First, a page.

ZOA in the LA Times: Tapping Into Jews’ Fears: Zionist Morton Klein — once seen as an extremist — is winning support for his hard-line view of Palestinians, even among U.S. liberals
ZOA in the news
June 26, 2002


Metro Desk; Metro


COLUMN ONE Tapping Into Jews’ Fears Zionist Morton Klein—once seen as an extremist—is winning support for his hard-line view of Palestinians, even among U.S. liberals.


TERESA WATANABE
TIMES STAFF WRITER


Home Edition A-1 Copyright 2002 Los Angeles Times


Morton Klein is telling a group of Reform Jews—among American Jewry’s more liberal members—how much Palestinians hate them. He carries plenty of ammunition.


The bearded, bespectacled Jewish leader holds up Palestinian maps of the Holy Land that do not name Israel—proof, he says, that they do not accept the existence of the Jewish state.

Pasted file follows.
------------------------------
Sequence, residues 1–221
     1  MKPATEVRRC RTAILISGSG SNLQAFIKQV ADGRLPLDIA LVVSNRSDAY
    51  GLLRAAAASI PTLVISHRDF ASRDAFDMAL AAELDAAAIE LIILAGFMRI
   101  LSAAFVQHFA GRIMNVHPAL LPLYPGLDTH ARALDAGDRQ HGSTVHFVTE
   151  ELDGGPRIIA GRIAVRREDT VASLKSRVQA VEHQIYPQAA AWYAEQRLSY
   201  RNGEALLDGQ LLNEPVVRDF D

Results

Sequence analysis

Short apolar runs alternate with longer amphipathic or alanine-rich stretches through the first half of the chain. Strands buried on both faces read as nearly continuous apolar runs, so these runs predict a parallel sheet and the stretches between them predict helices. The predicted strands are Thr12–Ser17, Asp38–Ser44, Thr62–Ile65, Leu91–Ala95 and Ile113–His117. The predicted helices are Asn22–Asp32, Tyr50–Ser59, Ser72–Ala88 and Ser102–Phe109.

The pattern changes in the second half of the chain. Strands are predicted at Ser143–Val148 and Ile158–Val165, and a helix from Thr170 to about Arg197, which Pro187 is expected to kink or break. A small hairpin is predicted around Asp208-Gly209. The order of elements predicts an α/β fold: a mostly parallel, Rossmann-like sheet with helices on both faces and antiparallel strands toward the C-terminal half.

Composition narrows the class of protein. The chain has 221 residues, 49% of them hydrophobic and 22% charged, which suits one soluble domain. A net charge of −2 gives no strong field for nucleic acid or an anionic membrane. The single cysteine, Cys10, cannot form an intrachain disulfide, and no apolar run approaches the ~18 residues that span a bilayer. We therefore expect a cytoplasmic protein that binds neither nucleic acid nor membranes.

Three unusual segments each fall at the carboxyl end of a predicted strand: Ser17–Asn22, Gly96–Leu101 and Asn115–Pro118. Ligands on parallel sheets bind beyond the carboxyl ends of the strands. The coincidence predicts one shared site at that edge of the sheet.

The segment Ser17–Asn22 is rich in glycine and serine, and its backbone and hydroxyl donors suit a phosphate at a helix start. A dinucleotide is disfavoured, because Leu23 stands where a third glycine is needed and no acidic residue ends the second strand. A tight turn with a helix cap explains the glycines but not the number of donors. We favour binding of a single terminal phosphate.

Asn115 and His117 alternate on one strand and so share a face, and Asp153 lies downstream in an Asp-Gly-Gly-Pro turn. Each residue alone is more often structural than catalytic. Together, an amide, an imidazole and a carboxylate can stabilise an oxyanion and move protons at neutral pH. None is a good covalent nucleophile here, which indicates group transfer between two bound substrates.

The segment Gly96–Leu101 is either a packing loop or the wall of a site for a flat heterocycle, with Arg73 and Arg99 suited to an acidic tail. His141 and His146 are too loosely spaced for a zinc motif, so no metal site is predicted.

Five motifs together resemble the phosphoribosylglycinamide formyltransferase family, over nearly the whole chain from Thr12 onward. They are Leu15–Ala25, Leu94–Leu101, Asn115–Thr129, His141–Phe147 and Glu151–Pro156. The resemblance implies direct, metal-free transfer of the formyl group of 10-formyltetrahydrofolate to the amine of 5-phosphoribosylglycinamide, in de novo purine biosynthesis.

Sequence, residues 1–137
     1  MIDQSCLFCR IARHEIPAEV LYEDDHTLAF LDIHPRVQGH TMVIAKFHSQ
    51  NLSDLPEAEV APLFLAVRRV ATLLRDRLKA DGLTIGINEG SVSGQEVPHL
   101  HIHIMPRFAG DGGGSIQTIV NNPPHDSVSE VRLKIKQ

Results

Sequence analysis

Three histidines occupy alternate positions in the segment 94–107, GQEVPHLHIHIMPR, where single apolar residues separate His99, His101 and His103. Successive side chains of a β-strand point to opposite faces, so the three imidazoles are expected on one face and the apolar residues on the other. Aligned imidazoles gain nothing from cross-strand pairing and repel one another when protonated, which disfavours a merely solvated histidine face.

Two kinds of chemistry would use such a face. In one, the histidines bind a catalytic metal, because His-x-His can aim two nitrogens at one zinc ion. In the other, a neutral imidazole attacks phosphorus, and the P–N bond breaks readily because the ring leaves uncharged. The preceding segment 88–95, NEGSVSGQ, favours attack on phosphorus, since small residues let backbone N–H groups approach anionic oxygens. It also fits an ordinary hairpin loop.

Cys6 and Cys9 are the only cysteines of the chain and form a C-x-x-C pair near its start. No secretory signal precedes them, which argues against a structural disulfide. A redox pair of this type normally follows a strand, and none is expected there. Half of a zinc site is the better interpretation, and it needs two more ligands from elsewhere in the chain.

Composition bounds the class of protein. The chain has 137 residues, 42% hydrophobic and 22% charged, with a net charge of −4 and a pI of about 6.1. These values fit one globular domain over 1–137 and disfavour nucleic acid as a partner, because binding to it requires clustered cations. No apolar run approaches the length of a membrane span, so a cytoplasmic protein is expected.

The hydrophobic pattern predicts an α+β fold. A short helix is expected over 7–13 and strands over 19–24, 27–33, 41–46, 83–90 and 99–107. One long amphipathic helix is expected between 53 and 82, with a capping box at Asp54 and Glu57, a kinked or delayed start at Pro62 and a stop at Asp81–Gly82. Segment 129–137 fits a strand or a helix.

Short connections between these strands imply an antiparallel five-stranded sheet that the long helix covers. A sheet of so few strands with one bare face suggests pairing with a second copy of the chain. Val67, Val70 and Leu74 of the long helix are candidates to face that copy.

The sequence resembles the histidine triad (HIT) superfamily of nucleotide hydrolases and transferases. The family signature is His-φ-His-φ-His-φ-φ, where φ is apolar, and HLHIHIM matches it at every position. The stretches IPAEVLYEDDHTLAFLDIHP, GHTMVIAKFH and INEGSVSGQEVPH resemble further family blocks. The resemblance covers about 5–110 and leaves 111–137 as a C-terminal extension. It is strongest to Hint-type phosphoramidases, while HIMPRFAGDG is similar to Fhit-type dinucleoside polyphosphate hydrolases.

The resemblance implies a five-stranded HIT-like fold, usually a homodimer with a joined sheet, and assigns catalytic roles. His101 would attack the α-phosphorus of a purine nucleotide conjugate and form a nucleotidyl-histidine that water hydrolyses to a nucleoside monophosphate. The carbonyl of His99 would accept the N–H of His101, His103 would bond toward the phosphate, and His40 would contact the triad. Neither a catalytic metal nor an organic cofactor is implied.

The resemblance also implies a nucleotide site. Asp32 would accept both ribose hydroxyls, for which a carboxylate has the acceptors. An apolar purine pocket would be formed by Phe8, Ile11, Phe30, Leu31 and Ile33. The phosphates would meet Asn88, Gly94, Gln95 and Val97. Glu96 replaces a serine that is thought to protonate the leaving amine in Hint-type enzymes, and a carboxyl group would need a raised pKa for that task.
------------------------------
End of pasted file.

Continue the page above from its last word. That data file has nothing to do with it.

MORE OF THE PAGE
Klein claims Palestinian textbooks depict Jews as odious killers of Christians and Muslims. He waves fliers reportedly posted at hundreds of Palestinian schools in 1996 praising a suicide bomber as “our hero” and depicting a cracked Star of David, rivulets of blood streaming out.


“The culture that Arabs have created and promoted is no different than Nazi Germany,” said Klein, president of the Zionist Organization of America, the nation’s oldest pro-Israel group, founded in 1897 to work for establishment of a Jewish state. The Arab goal, he tells the crowd, is to “get people to murder Jews.”


Until the current outbreak of Mideast violence began 21 months ago, most American Jews dismissed Klein as a fear monger—a provocateur against peaceful relationships with Palestinians. Back then, the vast majority of American Jews supported terms negotiated in Oslo to give Palestinians land in exchange for peace. In that pursuit, Jews seemed willing to suspend suspicions of Palestinian Authority President Yasser Arafat.